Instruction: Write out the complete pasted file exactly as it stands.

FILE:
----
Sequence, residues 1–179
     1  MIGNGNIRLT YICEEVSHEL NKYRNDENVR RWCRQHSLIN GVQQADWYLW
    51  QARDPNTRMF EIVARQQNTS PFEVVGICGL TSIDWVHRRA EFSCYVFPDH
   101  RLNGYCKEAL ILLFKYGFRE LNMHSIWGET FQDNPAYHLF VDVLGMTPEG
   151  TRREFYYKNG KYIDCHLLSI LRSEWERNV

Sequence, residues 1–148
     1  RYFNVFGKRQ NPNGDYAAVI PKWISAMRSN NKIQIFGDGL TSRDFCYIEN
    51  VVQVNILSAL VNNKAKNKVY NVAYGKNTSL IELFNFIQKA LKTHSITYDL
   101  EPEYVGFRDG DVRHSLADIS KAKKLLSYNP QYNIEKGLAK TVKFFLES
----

Sequence, residues 1–179
     1  MIGNGNIRLT YICEEVSHEL NKYRNDENVR RWCRQHSLIN GVQQADWYLW
    51  QARDPNTRMF EIVARQQNTS PFEVVGICGL TSIDWVHRRA EFSCYVFPDH
   101  RLNGYCKEAL ILLFKYGFRE LNMHSIWGET FQDNPAYHLF VDVLGMTPEG
   151  TRREFYYKNG KYIDCHLLSI LRSEWERNV

Sequence, residues 1–148
     1  RYFNVFGKRQ NPNGDYAAVI PKWISAMRSN NKIQIFGDGL TSRDFCYIEN
    51  VVQVNILSAL VNNKAKNKVY NVAYGKNTSL IELFNFIQKA LKTHSITYDL
   101  EPEYVGFRDG DVRHSLADIS KAKKLLSYNP QYNIEKGLAK TVKFFLES